Members of Britain’s House of Commons have expressed “serious concerns” over current plans to modernise the Post Office Ltd network.
The House of Commons Business, Innovation and Skills Committee said today that the ongoing effort to transform 6,000 of the UK’s 11,800 post offices into 4,000 “Main” and 2,000 “Local” branches was too inflexible to the needs of communities, and that the model was based on “narrowly focussed” research.
The Committee did support the overall direction of the government’s plans to restructure the Post Office Ltd network to wean it off state subsidy. However, it said there were problems in the details of the plan, which will see around GBP 200m invested in redesigning the 6,000 branches.
In particular, the streamlined “Local” post office model came under fire, with MPs suggesting their restricted range of services and varying service quality levels across longer opening hours, along with staff vetting and training deficiencies, could “erode the ethos of many post offices”.
The MPs criticized research behind the Post Office’s new Locals model, stating that the new kind of post office had been trialled in areas where there had not previously been post offices – helping with public support – while independent research from Consumer Focus had not taken account of social demographics, the Committee suggested.
The Committee also warned that remuneration for Local post offices “may not be viable for postmasters” making it more likely that a small number of major retailers could end up running the majority of post offices. The MPs noted that supermarket chain Tesco had expressed interest in running 600 Local branches.
This would bring risks if Post Office Ltd was then mutualised, the MPs suggested.
“The BIS Committee supports the direction of travel set out by the Government. However, a number of serious concerns remain,” said Adrian Bailey, the Committee chairman.
“The pilot scheme for ‘Local’ post offices must undergo a rigorous assessment to ensure there is sufficient flexibility in the model. Post offices should be responsive to the needs and demands of diverse communities.”
Bailey, a Labour MP for West Bromwich, added: “The Government must be alive to the risk that its new model could erode the ethos of many post offices. The ‘Locals’ model needs to be viable and attractive to a wide range of operators.”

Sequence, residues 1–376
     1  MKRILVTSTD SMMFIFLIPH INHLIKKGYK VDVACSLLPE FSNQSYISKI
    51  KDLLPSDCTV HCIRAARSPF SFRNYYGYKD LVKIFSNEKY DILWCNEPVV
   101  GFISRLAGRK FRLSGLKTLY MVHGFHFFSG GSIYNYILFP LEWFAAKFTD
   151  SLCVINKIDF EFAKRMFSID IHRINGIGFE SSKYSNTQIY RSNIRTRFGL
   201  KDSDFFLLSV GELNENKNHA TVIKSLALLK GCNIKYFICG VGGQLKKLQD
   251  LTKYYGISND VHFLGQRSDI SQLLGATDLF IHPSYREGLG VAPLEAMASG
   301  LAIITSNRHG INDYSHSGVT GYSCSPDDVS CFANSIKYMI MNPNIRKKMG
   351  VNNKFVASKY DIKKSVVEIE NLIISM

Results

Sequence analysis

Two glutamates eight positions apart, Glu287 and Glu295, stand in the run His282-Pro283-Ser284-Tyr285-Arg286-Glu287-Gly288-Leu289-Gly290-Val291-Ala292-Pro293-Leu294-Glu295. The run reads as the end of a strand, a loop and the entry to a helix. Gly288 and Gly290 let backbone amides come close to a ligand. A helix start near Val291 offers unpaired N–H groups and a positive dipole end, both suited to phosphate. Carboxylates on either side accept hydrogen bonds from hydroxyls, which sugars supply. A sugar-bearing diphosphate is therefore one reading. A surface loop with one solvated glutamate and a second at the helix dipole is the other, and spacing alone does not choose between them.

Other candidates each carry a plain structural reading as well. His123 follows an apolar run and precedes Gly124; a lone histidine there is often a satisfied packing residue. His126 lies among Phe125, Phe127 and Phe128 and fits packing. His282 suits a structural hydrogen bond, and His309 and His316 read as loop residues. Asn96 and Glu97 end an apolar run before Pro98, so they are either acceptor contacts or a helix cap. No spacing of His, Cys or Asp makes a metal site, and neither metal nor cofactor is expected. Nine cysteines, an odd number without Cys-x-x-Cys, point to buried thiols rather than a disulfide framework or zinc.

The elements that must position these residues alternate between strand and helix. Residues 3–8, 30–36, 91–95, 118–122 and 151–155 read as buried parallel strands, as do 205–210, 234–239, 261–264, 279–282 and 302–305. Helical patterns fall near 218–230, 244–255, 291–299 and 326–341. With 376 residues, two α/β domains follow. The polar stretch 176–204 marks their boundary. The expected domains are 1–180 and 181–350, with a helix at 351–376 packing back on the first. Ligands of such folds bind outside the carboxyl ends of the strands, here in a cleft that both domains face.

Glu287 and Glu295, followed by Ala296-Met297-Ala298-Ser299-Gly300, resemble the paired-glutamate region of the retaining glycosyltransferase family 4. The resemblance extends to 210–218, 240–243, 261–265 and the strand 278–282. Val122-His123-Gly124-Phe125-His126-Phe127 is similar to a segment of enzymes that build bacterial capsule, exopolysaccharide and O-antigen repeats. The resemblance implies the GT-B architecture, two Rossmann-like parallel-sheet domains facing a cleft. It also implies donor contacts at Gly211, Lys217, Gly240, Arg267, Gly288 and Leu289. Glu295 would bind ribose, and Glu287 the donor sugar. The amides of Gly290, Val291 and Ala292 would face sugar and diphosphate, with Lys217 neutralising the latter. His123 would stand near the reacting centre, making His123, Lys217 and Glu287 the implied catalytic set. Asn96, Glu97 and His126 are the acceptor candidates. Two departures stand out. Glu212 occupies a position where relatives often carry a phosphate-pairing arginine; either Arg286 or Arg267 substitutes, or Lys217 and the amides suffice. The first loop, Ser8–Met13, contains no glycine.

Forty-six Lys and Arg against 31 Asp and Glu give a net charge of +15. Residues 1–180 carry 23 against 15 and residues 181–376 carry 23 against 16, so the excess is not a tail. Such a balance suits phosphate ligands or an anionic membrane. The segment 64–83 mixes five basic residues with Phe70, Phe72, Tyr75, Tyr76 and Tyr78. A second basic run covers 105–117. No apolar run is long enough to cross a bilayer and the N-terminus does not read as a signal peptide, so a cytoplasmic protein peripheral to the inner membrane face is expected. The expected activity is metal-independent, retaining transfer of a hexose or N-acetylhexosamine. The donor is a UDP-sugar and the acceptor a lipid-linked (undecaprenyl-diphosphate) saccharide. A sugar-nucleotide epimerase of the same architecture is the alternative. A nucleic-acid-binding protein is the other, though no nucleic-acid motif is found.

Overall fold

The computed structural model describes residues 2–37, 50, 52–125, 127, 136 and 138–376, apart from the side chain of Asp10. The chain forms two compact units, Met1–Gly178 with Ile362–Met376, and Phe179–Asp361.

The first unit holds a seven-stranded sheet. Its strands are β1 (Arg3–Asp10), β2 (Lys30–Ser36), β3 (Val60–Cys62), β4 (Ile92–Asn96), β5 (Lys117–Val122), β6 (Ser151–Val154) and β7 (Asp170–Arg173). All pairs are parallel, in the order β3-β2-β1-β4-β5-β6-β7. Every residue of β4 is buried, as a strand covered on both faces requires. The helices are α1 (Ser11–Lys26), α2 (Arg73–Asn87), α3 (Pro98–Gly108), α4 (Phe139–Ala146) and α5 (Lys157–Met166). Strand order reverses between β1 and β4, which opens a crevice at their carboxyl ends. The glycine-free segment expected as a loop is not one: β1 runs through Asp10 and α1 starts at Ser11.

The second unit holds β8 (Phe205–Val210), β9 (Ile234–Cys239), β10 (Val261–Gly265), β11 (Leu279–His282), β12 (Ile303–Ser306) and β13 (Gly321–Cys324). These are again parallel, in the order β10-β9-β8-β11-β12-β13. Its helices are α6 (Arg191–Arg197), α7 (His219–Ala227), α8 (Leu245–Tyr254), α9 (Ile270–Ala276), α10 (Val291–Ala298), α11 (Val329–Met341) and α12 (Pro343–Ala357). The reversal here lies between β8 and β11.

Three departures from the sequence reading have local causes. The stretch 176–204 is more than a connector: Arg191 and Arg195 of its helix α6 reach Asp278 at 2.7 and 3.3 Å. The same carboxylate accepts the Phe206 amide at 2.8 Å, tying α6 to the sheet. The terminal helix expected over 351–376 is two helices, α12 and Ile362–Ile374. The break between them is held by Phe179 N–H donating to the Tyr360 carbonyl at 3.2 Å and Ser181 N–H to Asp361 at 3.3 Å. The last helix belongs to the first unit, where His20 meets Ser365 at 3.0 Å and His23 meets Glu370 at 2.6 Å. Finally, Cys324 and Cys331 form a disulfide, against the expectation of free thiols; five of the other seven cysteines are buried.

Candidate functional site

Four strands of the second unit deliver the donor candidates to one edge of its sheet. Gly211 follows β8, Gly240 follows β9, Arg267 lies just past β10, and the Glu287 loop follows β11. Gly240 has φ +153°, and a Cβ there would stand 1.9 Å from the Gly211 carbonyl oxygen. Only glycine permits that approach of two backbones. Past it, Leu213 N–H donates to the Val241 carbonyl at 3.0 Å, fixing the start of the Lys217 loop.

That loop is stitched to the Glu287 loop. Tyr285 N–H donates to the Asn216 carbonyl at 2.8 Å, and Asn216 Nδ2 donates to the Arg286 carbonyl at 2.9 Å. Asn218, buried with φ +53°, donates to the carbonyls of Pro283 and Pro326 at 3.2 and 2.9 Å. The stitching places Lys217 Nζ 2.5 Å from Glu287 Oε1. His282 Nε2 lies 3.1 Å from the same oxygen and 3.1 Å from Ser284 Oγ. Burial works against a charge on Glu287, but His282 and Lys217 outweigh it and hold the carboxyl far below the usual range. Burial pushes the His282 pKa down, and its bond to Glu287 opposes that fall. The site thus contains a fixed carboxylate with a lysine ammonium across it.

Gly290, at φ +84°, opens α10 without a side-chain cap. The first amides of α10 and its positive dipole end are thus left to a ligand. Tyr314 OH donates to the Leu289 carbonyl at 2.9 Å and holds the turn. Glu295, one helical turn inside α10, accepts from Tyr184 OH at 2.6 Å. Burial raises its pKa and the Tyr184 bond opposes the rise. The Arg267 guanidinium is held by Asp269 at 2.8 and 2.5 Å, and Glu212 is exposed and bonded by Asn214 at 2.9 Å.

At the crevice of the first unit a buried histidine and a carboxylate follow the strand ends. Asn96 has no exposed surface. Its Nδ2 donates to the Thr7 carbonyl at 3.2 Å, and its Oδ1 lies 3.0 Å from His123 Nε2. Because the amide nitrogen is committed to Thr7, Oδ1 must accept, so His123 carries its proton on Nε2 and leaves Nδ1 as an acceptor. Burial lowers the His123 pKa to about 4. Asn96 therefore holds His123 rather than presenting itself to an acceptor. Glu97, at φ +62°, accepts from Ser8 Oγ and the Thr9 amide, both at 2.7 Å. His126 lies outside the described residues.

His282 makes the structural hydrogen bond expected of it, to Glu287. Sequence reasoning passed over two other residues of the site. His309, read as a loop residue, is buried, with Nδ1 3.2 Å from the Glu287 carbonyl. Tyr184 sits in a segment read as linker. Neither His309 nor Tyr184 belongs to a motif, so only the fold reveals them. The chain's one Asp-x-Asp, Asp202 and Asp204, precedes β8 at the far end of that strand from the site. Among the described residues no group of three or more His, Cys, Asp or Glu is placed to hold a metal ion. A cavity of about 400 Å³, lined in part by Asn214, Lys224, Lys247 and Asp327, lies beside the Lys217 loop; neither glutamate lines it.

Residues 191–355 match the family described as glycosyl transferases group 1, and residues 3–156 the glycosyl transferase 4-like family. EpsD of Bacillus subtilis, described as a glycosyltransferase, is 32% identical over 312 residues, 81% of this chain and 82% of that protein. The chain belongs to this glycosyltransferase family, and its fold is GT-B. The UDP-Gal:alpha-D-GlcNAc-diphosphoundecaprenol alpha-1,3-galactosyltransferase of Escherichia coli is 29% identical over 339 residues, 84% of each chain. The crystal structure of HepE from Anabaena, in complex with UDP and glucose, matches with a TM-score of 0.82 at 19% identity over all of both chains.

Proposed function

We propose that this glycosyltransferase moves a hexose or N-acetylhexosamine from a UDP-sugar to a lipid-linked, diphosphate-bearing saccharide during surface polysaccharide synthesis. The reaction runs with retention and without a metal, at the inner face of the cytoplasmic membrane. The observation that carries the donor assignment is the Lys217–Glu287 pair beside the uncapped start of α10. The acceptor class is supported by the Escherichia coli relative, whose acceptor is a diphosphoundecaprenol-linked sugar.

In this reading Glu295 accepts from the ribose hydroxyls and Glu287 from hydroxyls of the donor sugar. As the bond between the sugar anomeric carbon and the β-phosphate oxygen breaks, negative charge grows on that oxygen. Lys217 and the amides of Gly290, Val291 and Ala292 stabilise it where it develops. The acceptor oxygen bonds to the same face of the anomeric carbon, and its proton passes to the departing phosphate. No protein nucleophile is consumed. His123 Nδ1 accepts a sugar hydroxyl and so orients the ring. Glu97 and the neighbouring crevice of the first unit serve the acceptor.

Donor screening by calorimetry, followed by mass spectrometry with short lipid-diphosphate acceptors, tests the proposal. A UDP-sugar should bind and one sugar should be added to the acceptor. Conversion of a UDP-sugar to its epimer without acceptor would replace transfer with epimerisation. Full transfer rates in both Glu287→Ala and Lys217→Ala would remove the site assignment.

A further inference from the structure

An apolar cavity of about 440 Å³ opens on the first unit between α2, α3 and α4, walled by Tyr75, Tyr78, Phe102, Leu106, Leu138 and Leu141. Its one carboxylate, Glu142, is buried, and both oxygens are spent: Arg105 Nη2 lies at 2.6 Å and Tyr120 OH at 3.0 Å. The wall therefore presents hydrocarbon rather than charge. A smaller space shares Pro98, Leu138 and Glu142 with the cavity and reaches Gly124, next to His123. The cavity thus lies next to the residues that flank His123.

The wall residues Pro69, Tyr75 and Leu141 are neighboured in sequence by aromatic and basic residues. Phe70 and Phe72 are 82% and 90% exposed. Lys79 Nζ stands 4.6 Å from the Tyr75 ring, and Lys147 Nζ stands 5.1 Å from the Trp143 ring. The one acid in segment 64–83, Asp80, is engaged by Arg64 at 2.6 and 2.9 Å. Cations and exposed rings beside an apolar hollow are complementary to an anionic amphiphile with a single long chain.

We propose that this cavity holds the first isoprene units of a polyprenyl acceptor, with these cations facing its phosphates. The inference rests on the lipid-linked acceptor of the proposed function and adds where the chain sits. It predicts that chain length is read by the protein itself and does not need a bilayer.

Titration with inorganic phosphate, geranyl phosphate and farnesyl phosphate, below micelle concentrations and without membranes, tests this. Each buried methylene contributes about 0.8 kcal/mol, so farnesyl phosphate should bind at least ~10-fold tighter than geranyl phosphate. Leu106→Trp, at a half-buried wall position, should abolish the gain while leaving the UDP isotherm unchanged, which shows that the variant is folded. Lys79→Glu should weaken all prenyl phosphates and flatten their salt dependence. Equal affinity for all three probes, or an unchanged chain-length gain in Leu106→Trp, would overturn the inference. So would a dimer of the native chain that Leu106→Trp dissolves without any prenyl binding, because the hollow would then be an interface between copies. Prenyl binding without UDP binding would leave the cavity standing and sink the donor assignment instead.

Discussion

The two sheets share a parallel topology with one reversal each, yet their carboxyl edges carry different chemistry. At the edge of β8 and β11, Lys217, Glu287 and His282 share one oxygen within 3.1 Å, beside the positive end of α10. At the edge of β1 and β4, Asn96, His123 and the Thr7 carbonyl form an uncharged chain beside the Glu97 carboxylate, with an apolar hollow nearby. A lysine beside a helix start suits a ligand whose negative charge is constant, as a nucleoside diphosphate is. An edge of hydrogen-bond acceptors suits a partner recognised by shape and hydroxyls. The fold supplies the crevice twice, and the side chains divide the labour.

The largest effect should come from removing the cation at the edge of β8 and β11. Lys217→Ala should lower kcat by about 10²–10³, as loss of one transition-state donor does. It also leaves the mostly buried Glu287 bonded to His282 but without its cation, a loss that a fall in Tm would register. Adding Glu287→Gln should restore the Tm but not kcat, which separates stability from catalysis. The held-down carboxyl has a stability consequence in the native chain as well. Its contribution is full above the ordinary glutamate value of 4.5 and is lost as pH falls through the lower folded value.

One particular area of concern for the BIS Committee in the government’s plans for Post Office Ltd was its “patchy” record in awarding contracts to the network to run government services.
The report noted that as the network looks to become fully self-sufficient prior to mutualisation, the income from running government services will have an “important role in the financial viability of post offices”.
The government’s own figures show that Post Office revenue from government services fell sharply from £576 million in 2004-5, to £167 million in 2009-10, with major contracts like the “green giro” programme, which provides benefits and pension payments to around 350,000 people, transferred to the private sector.
“The record of Government in delivering services through the Post Office is patchy at best. Warm words and aspirations will not suffice,” said Bailey. “Much greater clarity is needed both from the Government and from Post Office Ltd.”
Getting the correct balance
Commenting on the MPs’ findings, the national consumer watchdog Consumer Focus agreed that while the new Post Office Local model offered some benefits for consumers, more consideration was needed on the range of services made available.
Mike O’Connor, the Consumer Focus chief executive, said: “Getting the correct balance between what consumers need and what might be attractive to potential operators of the new model is not straight forward. The need for change is pressing, but getting the programme right at the beginning is critical to its long term success.
“More needs to be done on the range of products available, staff training and the advice given to consumers, privacy and availability of cash if we are to maximise the chances of success for the programme,” said O’Connor.
Britain’s largest postal union, the Communication Workers Union, said the MPs’ report highlighted “serious doubts” over the testing of the Locals model.
The CWU, which has criticised the streamlining of services since proposals were first mooted, called for a moratorium on any rollout of Local branches across the country.
Billy Hayes, the CWU general secretary, said: “We share the Committee’s fear that the Locals model will only work for large companies like Tesco through their convenience store network which could suck in limited services and change the ethos of the publicly-owned Post Office forever.
“If this programme marches ahead, post offices close and then services fail it will either be costly to re-open a post office or will leave communities without these services. There are too many risks and unanswered questions and too little consultation and collaboration with postmasters and communities for this programme to go ahead unaltered.”
Source: Post&Parcel/BIS Committee/Consumer Focus/CWU